When it comes to the separation of church and state, presidential hopeful Rick Santorum says John F. Kennedy got it all wrong.
When Kennedy was running for president in 1960, some voters worried that the Vatican could soon be running America. Anti-Catholic paranoia has thankfully cooled off since, and now Santorum is facing a much different playing field. While Catholics themselves may not be flocking to support him, Santorum's traditional Catholic values - and willingness to act on them politically - inspire the evangelical Christians that the broader GOP takes for granted.
Santorum is hard-line pro-life, anti-gay rights and, if some of his most infamous public statements are any evidence, straight up anti-gay people. He also supported a state's right to ban contraception in a recent interview.
If this sounds eerily like the crack of a ruler on the back of your hand, it's because Santorum is not shy about taking his political marching orders directly from the Almighty.
In 1960, Kennedy delivered his historic speech on the separation of church and state to the Greater Houston Ministerial Association at the University of St. Thomas in Houston. Santorum could not disagree more, and the former Congressman from Pennsylvania has attacked Kennedy for failing to infuse faith and politics.
Here's an excerpt from Kennedy's speech:
I believe in an America that is officially neither Catholic, Protestant nor Jewish, where no public official either requests or accept instructions on public policy from the Pope, the National Council of Churches or any other ecclesiastical source; where no religious body seeks to impose its will directly or indirectly upon the general populace or the public acts of its officials, and where religious liberty is so indivisible that an act against one church is treated as an act against all.
Santorum has attacked this speech on more than one occasion, most notably with a speech at the same school in Houston nearly 50 years later:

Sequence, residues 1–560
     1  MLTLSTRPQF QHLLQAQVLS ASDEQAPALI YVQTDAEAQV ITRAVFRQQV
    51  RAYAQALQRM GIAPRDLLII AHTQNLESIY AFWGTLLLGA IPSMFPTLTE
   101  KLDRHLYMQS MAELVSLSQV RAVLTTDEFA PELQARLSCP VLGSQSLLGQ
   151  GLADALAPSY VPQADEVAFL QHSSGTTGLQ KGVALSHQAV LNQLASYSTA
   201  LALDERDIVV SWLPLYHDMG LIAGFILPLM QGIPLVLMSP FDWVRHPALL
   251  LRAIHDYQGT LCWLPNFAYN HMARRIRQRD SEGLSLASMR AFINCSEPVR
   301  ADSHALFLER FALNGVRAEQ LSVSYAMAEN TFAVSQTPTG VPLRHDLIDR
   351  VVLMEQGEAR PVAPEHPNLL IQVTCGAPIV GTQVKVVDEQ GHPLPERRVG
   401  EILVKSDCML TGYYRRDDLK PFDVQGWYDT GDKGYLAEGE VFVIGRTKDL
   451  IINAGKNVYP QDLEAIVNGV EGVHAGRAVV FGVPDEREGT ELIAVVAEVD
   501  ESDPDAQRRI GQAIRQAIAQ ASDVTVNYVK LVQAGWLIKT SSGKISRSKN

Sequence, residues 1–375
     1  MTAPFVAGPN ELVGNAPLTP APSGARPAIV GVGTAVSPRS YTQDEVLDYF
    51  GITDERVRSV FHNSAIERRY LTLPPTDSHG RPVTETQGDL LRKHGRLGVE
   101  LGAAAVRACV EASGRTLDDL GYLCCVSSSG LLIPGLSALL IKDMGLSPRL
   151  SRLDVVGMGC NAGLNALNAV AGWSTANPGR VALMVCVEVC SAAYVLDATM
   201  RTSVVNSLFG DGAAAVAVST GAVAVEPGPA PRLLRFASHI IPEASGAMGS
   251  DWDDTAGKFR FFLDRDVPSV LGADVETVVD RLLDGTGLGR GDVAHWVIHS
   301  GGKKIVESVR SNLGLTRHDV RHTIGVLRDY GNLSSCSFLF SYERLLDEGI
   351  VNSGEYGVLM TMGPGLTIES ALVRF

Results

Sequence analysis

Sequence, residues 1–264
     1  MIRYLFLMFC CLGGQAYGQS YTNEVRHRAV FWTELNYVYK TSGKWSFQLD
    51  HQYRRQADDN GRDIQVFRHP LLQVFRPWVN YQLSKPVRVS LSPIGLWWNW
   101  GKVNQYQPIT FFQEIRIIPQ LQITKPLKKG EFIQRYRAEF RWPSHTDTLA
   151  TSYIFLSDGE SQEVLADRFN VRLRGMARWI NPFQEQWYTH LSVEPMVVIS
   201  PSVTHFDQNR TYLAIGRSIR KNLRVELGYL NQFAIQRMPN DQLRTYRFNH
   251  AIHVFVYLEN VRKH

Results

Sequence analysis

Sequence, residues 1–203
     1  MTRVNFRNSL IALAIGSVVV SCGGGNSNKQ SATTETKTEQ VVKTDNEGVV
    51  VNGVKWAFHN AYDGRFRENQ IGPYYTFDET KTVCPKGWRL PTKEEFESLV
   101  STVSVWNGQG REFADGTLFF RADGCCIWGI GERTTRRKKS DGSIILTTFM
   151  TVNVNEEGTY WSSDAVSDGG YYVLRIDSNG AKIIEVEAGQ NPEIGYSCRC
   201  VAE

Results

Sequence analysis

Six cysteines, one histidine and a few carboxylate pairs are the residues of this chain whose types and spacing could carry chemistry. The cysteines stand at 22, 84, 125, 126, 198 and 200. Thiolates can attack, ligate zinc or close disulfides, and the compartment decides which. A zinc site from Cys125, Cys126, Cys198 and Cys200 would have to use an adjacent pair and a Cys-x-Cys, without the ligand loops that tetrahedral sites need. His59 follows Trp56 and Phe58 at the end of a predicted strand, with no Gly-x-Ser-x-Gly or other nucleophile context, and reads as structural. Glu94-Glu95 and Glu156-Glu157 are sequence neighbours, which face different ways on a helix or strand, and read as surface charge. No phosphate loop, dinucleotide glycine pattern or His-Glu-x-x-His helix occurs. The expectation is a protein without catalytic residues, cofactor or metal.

Ultimately Kennedy's attempt to reassure Protestants that the Catholic Church would not control the government and suborn its independence advanced a philosophy of strict separation that would create a purely secular public square cleansed of all religious wisdom and the voice of religious people of all faiths. He laid the foundation for attacks on religious freedom and freedom of speech by the secular left and its political arms like the ACLU and the People for the American Way.
Santorum argued that the First Amendment protected religion and religious expression from the government, not the other way around. He said, "Kennedy's error also unleashed a new form of censorship that would make vows to the Almighty a constitutional offense" and listed Christian writers and leaders he often turned to for guidance when making decisions in Congress.
Santorum attacked Kennedy's speech again in March 2011 while addressing a conservative Catholic group in Boston called Catholic Citizen. Railing against Kennedy in front of Boston Catholics might sound like a gutsy move, but keep in mind that a member of Catholic Citizen recently attempted to blame feminism on the weakened state of men that has led to the outbreak of pedophilia plaguing the church and certain athletics coaches.
In his 2010 speech, Santorum said that God guides his political decisions, but he admitted that he is not always in line with Catholic leadership. He disagrees with the church leaders who opposed the wars in Iraq and Afghanistan and support welfare programs that benefit the poor, whose cause Catholics are taught to champion.
Santorum's social conservatism may have rallied the fundamentalist Christian vote in Iowa, but American Catholics do not always respond the same way when the drums of culture war begin to pound. According to a recent Gallup poll, Santorum does no better among Republican Catholics than any of the other candidates. Catholic Republicans account for about 22 percent of the GOP's membership and "are remarkably close to the national average in their support for the major GOP candidates," according to Gallup.